Anyway, Peter comes to the prayer meeting, and knocks at the door, because the place was locked.
And when he knocked at the door of the gateway, a servant girl named Rhoda came to answer. Recognizing Peter's voice, in her joy she did not open the gate but ran in and reported that Peter was standing at the gate. They said to her, “You are out of your mind.” But she kept insisting that it was so, and they kept saying, “It is his angel!”
This is an ironic twist that shows us how we are like the early church. Here, the church was praying for Peter! And God answers their prayer! He releases Peter from prison in a miraculous way. And when Peter, himself, is standing at the door! the church refuses to believe it. “It’s only his angel.” Still! If an angel is at the door, don’t you think that you should go and look into the situation! You don’t see an angel every day. I think that it shows how unbelieving the church was. and how unbelieving we can be as well. This is so encouraging to me. Yes, the early church was devoted to prayer! Yes, the early church saw great things take place through their prayers. But the early church still had struggles with their faith, just like us.
Or, perhaps, the church hadn’t been praying for Peter’s release. Perhaps the church had been praying for Peter’s faithfulness unto death. that he would remain true to the Lord. that he would not deny the Lord as he had done before. but that he would be “faithful unto death” that he might receive the “crown of life” (Revelation 2:10). Perhaps, they believed that the appearance of Peter’s angel was merely a confirmation that Peter had died. It was his spirit that appeared to them.
But that wasn’t the case! It was Peter at the door.
But Peter continued knocking, and when they opened, they saw him and were amazed. But motioning to them with his hand to be silent, he described to them how the Lord had brought him out of the prison. And he said, “Tell these things to James and to the brothers.” Then he departed and went to another place.
Can’t you just see the situation! Peter is an escaped convict! He knows that the soldiers will be out looking for him soon. So, he quickly tells the story of how the angel woke him up. how his chains fell off. how he passed by the guards unnoticed. how the doors to the prison opened up. how he was told to “tell these things to James and to the brothers” (verse 17).
Now, obviously, this is not the James of verse 2. He was killed by Herod. This is James, the half-brother of Jesus. Who didn’t believe that Jesus was the messiah until after Jesus rose from the dead and appeared to him alive and well (John 7:5; 1 Cor. 15:7). The significance of Peter telling James is that James would now take up a leadership role in the church. Peter was now a fugitive. and had to leave. Acts 12:17 he departed and went to another place. Soon, we find Peter fleeing to Caesarea, away from Jerusalem (verse 19). In his absence, James will become a prominent leader in Jerusalem. When we get to Acts 15, we will see him taking a prominent role, even being the voice that settles the matter at the Jerusalem counsel.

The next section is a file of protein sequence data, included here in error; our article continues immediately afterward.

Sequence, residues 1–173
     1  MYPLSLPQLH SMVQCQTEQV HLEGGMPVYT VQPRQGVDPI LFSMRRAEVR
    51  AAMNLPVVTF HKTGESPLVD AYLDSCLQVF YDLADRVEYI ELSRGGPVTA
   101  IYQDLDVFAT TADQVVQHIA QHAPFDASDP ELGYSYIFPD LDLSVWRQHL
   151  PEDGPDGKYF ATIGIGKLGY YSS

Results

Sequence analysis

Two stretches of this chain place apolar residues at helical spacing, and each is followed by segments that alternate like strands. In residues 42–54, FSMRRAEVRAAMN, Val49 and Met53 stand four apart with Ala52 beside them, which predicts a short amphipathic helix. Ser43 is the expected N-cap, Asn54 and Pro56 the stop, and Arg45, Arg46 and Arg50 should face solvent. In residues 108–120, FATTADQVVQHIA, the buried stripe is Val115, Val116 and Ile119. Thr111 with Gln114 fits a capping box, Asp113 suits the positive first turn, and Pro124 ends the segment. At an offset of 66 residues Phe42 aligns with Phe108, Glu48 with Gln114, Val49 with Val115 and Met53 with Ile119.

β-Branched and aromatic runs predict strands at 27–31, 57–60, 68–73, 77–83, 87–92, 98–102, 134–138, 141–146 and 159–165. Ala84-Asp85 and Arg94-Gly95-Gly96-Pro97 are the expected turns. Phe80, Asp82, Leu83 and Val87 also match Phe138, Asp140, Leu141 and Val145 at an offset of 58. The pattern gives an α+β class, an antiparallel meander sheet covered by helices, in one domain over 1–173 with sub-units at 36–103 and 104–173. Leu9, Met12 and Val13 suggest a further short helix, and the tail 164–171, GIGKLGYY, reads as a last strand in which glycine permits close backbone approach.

Anyway, in verse 18, we see the fallout.
Now when day came, there was no little disturbance among the soldiers over what had become of Peter. And after Herod searched for him and did not find him, he examined the sentries and ordered that they should be put to death. Then he went down from Judea to Caesarea and spent time there.
This is the accountability of the Roman criminal system. To fail in your guard duties brings your death. We will see this in Acts 16, when there was an earthquake and the prison was not secure, the jailor was ready to kill himself, as he assumed the prisoners had escaped. It took Paul who shouted from the prison, “Do not harm yourself, for we are all here” (Acts 16:28). This is what makes the resurrection of Jesus so remarkable. The soldiers guarding the tomb were not held accountable for their failure to guard the body of Jesus. Instead, the soldiers were bribed, so as not to tell all that happened. And the religious leaders would cover their tracks before the governor (Matt. 28:14).
So, here the soldiers who were given charge to guard Peter, lost their lives, as they couldn’t find Peter, who escaped to Caesarea. Let’s move on to our next point this morning.
Now Herod was angry with the people of Tyre and Sidon, and they came to him with one accord, and having persuaded Blastus, the king's chamberlain, they asked for peace, because their country depended on the king's country for food.
Here we see politics at work. It’s difficult for us to understand exactly what was going on here. One commentator said that “The situation Luke describes in these verses is not entirely clear.” For some reason, precisely unknown to us, Herod was angry with Tyre and Sidon, north of Jerusalem, along the coast of the Mediterranean sea. These were important seaport cities. So, I would suspect that Herod’s anger has something to do with lack of taxes or income from the region. But they wanted peace with Herod, because he supplied them with food. So, on a political visit, we see some flattery taking place, in an effort to make peace.